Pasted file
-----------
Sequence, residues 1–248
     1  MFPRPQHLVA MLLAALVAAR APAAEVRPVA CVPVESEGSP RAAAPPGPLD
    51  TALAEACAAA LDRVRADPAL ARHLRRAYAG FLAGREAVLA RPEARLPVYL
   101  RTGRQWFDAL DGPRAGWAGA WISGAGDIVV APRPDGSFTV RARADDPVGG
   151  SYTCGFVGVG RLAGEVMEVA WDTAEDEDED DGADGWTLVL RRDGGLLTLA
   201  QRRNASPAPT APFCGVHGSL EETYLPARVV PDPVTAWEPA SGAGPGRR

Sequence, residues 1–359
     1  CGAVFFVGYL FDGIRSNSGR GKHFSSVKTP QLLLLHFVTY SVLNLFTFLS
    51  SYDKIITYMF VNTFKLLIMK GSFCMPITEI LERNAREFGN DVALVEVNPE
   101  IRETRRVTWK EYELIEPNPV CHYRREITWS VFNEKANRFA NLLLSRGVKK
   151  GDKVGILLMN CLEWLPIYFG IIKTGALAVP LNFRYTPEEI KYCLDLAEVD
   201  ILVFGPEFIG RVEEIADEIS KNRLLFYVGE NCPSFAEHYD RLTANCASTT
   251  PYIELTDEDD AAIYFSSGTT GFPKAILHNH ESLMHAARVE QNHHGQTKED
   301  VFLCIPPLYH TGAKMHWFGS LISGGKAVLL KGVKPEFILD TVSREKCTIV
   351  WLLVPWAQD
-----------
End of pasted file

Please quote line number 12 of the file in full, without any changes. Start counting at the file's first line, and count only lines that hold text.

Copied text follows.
   201  ILVFGPEFIG RVEEIADEIS KNRLLFYVGE NCPSFAEHYD RLTANCASTT